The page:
-- By Steve Houk - --

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13 November 2017 - After wondering if heíd ever write a song again, one of the most enduring and contemplative singer/songwriters of our time delivers more brilliant music.

Even the word "prolific" is an understatement for rare artists like Bruce Cockburn.

The thoughtful, brilliant Canadian singer/songwriter just released his thirty-third record, Bone On Bone, another superb piece in a magnificent career that has spanned fifty-plus years. And at the age of 72, Cockburn ó who was just inducted into the Canadian Songwritersí Hall of Fame this past September alongside Neil Young Ė shows no signs of burning out or fading away.

But a few years ago in a rare twist of almost-tragic fate, Cockburn found that writing songs for a new record, which would be his first in seven years, wasnít coming so easy. His mightily abundant supply of songwriting chops, fueled by his deep spirituality, went momentarily dry after he exhaustively poured all of his creativity and energy into his 2014 memoir, Rumours Of Glory. Stunningly, he wasnít even sure he would write another song.

"When I came out of writing my book, I wasnít sure if I was gonna write anymore songs Ďcuz it had been so long," Cockburn said as he embarks on an extensive US tour which brings him to The Birchmere on Tuesday November 14th. "Itíd been four years since I wrote a song, so I wondered if I still knew how to do it. (Writing the memoir) was more work than I expected, and all the creative juice I had went into the book, I wasnít prepared for it. So at the end of all that, it was like, ĎWell, maybe Iím gonna be a songwriter again, maybe I wonít.í I was hoping I would be, I was hoping that I would write more songs, Ďcuz in my gut I didnít feel like that was over. But I also wondered if itís really meant to be that I should be doing something else. It wasnít a negative feeling, really, it was just kind of a question."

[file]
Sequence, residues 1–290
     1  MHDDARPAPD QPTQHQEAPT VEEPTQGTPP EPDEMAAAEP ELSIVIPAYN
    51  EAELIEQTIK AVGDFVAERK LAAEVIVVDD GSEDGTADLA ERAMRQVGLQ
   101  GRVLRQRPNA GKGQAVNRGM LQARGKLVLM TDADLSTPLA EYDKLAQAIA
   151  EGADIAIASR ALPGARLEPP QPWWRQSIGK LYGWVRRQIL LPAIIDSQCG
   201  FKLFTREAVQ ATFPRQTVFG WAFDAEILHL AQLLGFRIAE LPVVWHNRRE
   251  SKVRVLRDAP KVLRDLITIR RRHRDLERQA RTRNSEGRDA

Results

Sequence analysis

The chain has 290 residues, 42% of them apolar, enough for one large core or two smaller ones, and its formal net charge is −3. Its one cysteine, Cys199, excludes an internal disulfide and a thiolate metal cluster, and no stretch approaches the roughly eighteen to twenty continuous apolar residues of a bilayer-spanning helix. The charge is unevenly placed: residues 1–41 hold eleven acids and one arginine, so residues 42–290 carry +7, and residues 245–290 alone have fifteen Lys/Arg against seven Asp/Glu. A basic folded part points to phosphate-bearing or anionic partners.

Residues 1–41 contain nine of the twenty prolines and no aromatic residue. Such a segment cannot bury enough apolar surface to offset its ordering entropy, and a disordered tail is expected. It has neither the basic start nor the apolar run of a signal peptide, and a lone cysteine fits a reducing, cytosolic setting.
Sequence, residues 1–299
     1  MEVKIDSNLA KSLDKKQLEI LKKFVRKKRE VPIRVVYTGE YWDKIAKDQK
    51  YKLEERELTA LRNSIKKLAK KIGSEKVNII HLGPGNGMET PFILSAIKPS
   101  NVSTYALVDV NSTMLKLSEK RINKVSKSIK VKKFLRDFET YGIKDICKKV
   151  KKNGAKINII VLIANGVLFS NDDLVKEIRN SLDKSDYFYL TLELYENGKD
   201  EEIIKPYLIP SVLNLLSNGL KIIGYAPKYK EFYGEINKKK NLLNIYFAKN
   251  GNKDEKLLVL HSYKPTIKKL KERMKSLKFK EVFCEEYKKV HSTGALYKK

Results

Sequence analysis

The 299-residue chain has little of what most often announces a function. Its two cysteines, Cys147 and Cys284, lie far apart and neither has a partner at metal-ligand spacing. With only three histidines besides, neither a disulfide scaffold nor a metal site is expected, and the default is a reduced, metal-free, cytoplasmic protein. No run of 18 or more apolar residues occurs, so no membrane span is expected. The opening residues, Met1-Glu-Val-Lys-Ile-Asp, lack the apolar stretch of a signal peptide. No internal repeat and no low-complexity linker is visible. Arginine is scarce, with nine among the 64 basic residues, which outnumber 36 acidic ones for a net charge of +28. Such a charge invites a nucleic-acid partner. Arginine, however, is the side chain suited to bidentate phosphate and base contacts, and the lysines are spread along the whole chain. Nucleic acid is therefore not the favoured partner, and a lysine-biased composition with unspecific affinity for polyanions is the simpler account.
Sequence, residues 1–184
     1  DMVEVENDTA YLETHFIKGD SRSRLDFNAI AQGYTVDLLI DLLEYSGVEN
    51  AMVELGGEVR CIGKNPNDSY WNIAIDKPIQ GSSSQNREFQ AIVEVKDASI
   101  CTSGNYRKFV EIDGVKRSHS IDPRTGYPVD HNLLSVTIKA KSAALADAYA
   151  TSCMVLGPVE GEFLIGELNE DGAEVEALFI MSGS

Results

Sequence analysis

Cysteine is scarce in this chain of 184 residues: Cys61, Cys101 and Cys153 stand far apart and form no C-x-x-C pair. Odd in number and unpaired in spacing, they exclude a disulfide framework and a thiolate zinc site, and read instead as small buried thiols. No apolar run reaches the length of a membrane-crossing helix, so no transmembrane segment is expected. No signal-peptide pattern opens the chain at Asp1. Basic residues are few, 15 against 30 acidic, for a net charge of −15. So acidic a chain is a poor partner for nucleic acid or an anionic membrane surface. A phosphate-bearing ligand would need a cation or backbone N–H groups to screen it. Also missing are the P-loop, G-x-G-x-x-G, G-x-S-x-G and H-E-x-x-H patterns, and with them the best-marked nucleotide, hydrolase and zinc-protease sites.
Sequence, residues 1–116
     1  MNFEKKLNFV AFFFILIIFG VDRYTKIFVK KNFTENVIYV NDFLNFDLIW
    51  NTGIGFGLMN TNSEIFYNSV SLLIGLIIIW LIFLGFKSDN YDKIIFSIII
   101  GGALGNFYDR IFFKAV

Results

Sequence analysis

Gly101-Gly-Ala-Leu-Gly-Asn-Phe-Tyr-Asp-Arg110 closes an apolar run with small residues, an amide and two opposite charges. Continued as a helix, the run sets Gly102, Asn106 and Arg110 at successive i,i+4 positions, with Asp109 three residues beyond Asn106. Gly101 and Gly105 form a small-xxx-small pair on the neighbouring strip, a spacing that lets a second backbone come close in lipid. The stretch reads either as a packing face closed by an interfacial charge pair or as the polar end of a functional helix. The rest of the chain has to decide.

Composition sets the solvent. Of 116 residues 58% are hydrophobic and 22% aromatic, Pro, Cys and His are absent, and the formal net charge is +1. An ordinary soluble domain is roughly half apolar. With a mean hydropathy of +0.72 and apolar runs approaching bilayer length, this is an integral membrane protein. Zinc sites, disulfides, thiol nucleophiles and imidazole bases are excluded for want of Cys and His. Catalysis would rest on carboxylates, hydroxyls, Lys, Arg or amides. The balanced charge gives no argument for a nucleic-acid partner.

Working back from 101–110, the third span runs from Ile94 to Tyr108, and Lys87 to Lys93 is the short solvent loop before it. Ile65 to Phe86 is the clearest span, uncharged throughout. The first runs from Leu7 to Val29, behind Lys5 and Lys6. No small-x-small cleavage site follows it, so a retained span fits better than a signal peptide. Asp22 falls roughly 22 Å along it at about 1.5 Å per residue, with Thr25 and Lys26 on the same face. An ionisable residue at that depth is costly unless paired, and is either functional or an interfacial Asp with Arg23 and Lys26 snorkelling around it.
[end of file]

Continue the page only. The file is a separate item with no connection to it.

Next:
Cockburn first credits inspiration from an unlikely source, in the form of a surprising request from a legendary fellow Canadian, for getting him back in gear, getting the juices flowing, getting him writing songs again.

"I got an invitation to contribute a song to a documentary film that was being made about [Canadian poet] Al Purdy," Cockburn said. "It just seemed like a gift, you know, hereís this guy who wants me to write a song, and I donít even know him. And over the years Iíve done very little of writing on demand like that, Ďcuz itís sort of the opposite of how I normally operate, but in this case, the idea of writing about Al Purdy seemed like a good thing. The offer was wide open, it was like, ĎWell, you can take Purdyís poems and set them to music,í which would be very difficult actually because theyíre not that kinda poetry. Right away, I got the idea, the image came to me, of this homeless guy who is obsessed with Al Purdy and rants his poems out on the street. The song just went from there. It was like, ĎIíll give you three Al Purdys for a 20 dollar bill.í And what would this homeless guy be saying when he wasnít ranting Purdy poetry? So ultimately, itís a question of looking around for things."

And given Cockburnís lifelong passion for activism, it was also the new regime in the U.S. that helped rejuvenate his need to express himself through song.

"I donít think Iíve had a conversation with anyone in the past year that didnít mention Donald Trump. Right now, as a nation, the U.S. is polarized and so fragmented. Everybodyís just in shock, ya know? But when I write, itís not that intentionalÖor deliberateÖI just react. When I write a song, its Ďcuz I got this idea. An idea comes, and I think I can run with it, and thatís what I try to do. So, itís not like I sit around thinking, ĎHow do I express how disturbed I am at whatís going on in the United States?í But once the ball was rolling, it just kept rolling."